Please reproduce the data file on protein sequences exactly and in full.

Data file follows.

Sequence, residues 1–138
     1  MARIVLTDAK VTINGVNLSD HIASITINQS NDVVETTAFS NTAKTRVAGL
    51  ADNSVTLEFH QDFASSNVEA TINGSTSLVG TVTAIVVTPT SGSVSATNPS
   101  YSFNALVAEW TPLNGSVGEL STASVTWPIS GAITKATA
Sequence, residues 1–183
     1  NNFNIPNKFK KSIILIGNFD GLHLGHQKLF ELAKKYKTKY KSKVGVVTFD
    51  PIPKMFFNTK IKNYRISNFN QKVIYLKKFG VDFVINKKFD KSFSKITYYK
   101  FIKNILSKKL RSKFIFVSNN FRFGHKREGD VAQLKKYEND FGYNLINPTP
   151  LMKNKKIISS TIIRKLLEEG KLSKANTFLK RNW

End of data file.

Sequence, residues 1–138
     1  MARIVLTDAK VTINGVNLSD HIASITINQS NDVVETTAFS NTAKTRVAGL
    51  ADNSVTLEFH QDFASSNVEA TINGSTSLVG TVTAIVVTPT SGSVSATNPS
   101  YSFNALVAEW TPLNGSVGEL STASVTWPIS GAITKATA
Sequence, residues 1–183
     1  NNFNIPNKFK KSIILIGNFD GLHLGHQKLF ELAKKYKTKY KSKVGVVTFD
    51  PIPKMFFNTK IKNYRISNFN QKVIYLKKFG VDFVINKKFD KSFSKITYYK
   101  FIKNILSKKL RSKFIFVSNN FRFGHKREGD VAQLKKYEND FGYNLINPTP
   151  LMKNKKIISS TIIRKLLEEG KLSKANTFLK RNW